Advertisement
  1. Florida Politics

Pam Bondi says Urban Outfitters' novelty prescription pill items go too far

Published May 23, 2013

Florida Attorney General Pam Bondi and 22 other attorneys general accused Urban Outfitters on Wednesday of "undermining" nationwide efforts to fight pharmaceutical-drug abuse because the store sells a line of drinking novelties that mimic prescription-pill bottles, boxes, pads and syringes.

"These products are not in any way fun or humorous but make light of this rampant problem," the group wrote in a letter addressed to the company's CEO and chairman, Richard A. Hayne. "We invite you to pull these products from your shelves and join with us to fight prescription drug abuse."

Hayne and Urban Outfitter's media-relations department did not immediately respond to an email for comment. A customer-service representative said the store's media-relations department does not have a phone number.

Earlier this month, the company didn't respond to ABC News and FOX when they reported complaints from the Partnership at Drugfree.org, which accused the retailer of making light of drug abuse. So did lawmakers in Kentucky.

The store, known for selling edgy products from time to time, has an entire "Prescription Line" of drinking accoutrements that look like prescription-pill bottles, boxes and pads. It sells "Rx pint glasses" and "syringe shot shooters."

A beer koozie, for instance, looks like a pill bottle prescribed by "Dr. Harold Feelgood" to "Mr. Hugh Jass."

"TAKE ONE CAN BY MOUTH, REPEAT UNTIL INTOXICATED," the bottle reads.

Bondi, in a brief discussion with the Miami Herald, underscored the fact that neither she nor her colleagues are threatening legal action against the Philadelphia-based chain. They just believe the so-called "Prescription Line" of glasses, coasters, mugs and drink holders goes too far.

"It's in poor taste," Bondi said.

Since winning office in 2010, Bondi has crusaded against prescription-drug abuse. She championed legislation to fight so-called "pill mills" where shady doctors overprescribe drugs — particularly opiates such as OxyContin.

ALSO IN THIS SECTION

  1. El gobernador de Florida, Ron DeSantis, hace una declaración sobre el hecho de responsabilizar a los funcionarios del gobierno en Fort Lauderdale en el Complejo de Seguridad Pública Ron Cochran el 11 de enero, luego de que nombró al ex sargento de la policía de Coral Springs. Gregory Tony reemplazará a Scott Israel como sheriff del condado de Broward. (Al Díaz / Miami Herald / TNS)
    Several Senate leaders told the Times/Herald they are prepared to accept new evidence during a daylong hearing scheduled for today. They could decide against DeSantis when they vote Wednesday.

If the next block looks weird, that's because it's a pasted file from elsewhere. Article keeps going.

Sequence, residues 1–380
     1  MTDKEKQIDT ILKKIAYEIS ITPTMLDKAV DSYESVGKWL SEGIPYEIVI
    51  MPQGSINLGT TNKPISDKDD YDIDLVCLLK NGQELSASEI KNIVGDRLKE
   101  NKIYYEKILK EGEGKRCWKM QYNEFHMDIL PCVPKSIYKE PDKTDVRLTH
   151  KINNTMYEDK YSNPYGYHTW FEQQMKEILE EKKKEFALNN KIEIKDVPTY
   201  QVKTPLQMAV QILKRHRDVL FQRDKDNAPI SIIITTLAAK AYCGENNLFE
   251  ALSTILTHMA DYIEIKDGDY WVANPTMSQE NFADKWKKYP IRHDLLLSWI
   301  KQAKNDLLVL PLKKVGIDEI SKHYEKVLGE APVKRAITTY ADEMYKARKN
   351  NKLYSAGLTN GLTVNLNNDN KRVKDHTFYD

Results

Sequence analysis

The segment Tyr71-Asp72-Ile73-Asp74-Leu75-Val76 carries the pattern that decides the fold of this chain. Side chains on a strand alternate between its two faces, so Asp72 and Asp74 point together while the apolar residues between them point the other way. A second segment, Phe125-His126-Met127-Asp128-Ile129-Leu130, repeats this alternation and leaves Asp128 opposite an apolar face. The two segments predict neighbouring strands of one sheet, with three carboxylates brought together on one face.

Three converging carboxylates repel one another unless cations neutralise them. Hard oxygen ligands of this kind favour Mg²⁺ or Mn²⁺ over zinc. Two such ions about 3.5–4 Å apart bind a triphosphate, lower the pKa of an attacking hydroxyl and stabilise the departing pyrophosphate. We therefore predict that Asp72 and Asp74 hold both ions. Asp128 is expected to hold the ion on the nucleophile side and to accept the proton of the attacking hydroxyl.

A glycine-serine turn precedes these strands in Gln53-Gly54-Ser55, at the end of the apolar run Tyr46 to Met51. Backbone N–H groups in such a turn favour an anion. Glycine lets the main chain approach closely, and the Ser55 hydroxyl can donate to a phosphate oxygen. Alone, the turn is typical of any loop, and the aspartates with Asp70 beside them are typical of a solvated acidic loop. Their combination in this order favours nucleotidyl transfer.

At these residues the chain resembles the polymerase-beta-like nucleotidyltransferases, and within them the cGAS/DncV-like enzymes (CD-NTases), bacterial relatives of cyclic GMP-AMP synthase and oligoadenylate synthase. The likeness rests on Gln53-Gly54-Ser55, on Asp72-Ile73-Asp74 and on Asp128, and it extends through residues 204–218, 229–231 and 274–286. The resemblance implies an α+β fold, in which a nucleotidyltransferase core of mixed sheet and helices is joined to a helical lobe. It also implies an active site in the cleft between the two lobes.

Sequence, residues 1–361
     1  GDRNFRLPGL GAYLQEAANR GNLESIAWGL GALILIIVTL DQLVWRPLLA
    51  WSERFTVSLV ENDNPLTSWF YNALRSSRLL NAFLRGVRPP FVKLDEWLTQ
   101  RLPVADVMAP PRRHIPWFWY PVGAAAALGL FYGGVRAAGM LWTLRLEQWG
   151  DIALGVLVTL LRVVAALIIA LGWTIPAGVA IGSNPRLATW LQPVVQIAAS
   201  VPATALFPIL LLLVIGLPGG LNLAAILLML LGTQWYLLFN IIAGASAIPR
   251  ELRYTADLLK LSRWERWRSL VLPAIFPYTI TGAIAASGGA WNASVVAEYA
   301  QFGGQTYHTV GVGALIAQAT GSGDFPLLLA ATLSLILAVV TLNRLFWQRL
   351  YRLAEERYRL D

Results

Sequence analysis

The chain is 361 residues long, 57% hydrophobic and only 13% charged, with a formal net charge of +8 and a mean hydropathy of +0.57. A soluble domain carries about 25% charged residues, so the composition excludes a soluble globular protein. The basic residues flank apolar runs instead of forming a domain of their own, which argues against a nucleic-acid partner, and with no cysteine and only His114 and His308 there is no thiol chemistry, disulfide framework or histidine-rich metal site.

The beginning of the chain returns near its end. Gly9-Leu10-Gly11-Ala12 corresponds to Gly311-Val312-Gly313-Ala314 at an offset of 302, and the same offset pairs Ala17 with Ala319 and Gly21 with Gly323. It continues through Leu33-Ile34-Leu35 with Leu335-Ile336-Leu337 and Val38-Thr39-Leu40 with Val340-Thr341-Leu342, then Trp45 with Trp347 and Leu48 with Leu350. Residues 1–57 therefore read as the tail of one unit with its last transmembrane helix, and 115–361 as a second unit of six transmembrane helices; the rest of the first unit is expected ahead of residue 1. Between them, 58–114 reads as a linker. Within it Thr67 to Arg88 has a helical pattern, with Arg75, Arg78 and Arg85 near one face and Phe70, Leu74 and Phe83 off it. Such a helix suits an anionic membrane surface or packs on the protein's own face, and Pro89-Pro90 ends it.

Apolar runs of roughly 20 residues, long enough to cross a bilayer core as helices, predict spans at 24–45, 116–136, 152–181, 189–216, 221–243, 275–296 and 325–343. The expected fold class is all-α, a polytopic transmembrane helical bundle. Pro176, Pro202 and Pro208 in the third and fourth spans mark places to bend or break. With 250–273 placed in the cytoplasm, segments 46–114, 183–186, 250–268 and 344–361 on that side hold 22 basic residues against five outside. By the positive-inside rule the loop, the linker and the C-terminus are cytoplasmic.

2. District 3 City Council candidates Orlando Acosta, left, and Ed Montanari. Scott Keeler, Chris Urso
    The St. Petersburg City Council races are supposed to be nonpartisan. Partisan politics are leaking into the campaign anyway.
  3. Protesters gathered outside the federal courthouse in Tallahassee on Monday, Oct. 7, 2019, while a federal judge heard arguments for an against the the Legislature's bill implementing Amendment 4. LAWRENCE MOWER  |  Lawrence Mower
    It’s unclear how state and county officials plan on complying with the judge’s order, however. The “poll tax” issued wasn’t addressed, either.
  4. The Florida Capitol. [SCOTT KEELER   |   Times] SCOTT KEELER  |  Tampa Bay Times
    The job entails being a part-time lobbyist, part-time expert on the Florida Sunshine Law.
  5. Florida K-12 Chancellor Jacob Oliva presents the state's second draft of academic standards revisions during an Oct. 17, 2017, session at Jefferson High School in Tampa. Gov. Ron DeSantis called for the effort in an executive order to remove the Common Core from Florida schools. JEFFREY SOLOCHEK  |  Times staff
    ‘Our third draft will look different from our second,’ the chancellor explains.
  6. Igor Fruman, hugs Florida Governor elect Ron DeSantis, right, as Lev Parnas looks on Tuesday, Nov. 6, 2018 in Orlando at the watch party for DeSantis. Fruman and Parnas were arrested last week on campaign finance violations. CHRIS URSO  |  Times
    Florida’s governor has shrugged off past donor controversies. This time, there were photos. Now it’s not going away.
  7. The sun sets over a slab which once served as a foundation for a home on Mexico Beach in May. DOUGLAS R. CLIFFORD  |  Tampa Bay Times
    Area leaders fear lower population numbers will lead to reduced federal funding and political representation.
  8. Senador de Florida, Rick Scott.  Foto: AP
    “The FBI has failed to give me or these families an acceptable answer, but I’m not going to allow that,” Scott said, adding that the FBI didn’t share pertinent information on shootings at Pulse, the...
  9. Courtney Wild, 30, was a victim of serial sexual offender Jeffrey Epstein beginning at the age of 14. Epstein paid Wild, and many other underage girls, to give him massages, often having them undress and perform sexual acts. Epstein also used the girls as recruiters, paying them to bring him other underage girls. Courtesy of Royal Caribbean
    Courtney Wild’s relentless quest for justice has led to a bipartisan push for sweeping reforms.
  10. Scott Israel, former Broward County Sheriff speaks during a news conference on Sept. 25, in Davie. A Florida Senate official is recommending that the sheriff, suspended over his handling of shootings at a Parkland high school and the Fort Lauderdale airport, should be reinstated. BRYNN ANDERSON  |  AP
    Naples lawyer Dudley Goodlette was threatened shortly after he made his recommendation last month.
Advertisement
Advertisement
Advertisement